Property

Scottish Charity Awards 2017 winner – Leading Light – Celine Sinclair, The Yard

It should be straightforward for charities and voluntary organisations to buy or rent property for their own use or as an investment.

As with any business transaction, it is important you get the best deal for the organisation and follow any rules laid out in the law and your governing document.

For example, when renting or buying property, ensure the property is suitable for your needs, is reasonably priced and any mortgage terms are competitive.

Similarly, when selling or leasing charity property, you should ensure you have the necessary permission in your governing document, that you own the title to the property and that you are acting in the best interests of the organisation.

If you do not have the power to sell or lease, you may have to apply to the Office of the Scottish Charity Regulator for the authority to change your constitution to allow you to do this.

Finding property

As well as solicitors and letting agents, third sector organisations can find property through local third sector interfaces, local authorities.

Before renting or buying any property, study the plan and description of the premises, and the smallprint of the lease or contract. Property law is complex so get any agreements checked by a lawyer.

SCVO members with an income of less than £500,000 can access up to two hours free legal advice on all aspects of property law.

Whether buying or renting, here are some issues to consider:

Rental costs

Check what is included in the rent.

  • Does it cover insurance and service charges?
  • When is it payable?
  • When and how will the rent be reviewed?

Remember to factor in all running costs such as business rates, and tax and VAT before entering into a lease.

Make sure to find out the extent that you may be liable for the internal condition and any dilapidation of the property.

You will need to survey the premises prior to occupation so there are no hidden surprises.

What can you do there?

Check for restrictive covenants. This is the name for provisions in a lease that prevent the tenant from doing certain things in or to the property, such as using it for residential purposes or as a venue for performances.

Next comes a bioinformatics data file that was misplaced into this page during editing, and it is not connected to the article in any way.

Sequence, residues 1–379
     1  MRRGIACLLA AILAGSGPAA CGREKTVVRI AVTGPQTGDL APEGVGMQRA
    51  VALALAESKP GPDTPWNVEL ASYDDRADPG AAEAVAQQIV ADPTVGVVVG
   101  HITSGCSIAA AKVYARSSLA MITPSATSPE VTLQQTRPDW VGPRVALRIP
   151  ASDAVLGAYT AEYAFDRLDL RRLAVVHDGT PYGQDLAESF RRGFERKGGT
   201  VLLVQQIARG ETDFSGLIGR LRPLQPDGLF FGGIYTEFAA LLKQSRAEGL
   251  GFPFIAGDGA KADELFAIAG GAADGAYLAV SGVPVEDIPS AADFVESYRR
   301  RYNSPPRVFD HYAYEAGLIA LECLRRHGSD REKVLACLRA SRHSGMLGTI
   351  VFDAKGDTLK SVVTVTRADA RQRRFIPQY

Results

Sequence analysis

Find out:

  • Is it permissible to install extra phone lines?
  • Is it in a residential or conservation area and subject to restrictions on alterations?

The term of the lease should be stated, possibly with a break clause to allow flexibility to allow either the tenant or the landlord to get out of the lease before the end of the term, subject to one or two months’ notice.

Check with the local authority

Check with the building standards department to see if there are any outstanding building notices on the property. The organisation may not have to pay for any work, but it might disrupt its service. Check with the planning department to see if there are any imminent developments that will have an impact on the property, for example, new houses or roads.

Access

Check if the property is fully accessible. Also find out if it is near public transport links or whether there is adequate car parking.

Mortgages and loans

You can take out a mortgage or loan secured against your organisation’s property or land, but you should get legal advice to ensure the loan is needed, is used for an activity that fits with your aims and objectives, and has reasonable and affordable terms and repayments.

More information

The Ethical Property Foundation advises charities and community groups on property issues.
The Royal Institution of Chartered Surveyors’ Charity Property Help scheme provides free support and guidance on all property matters.

Page last modified on 26th March 2018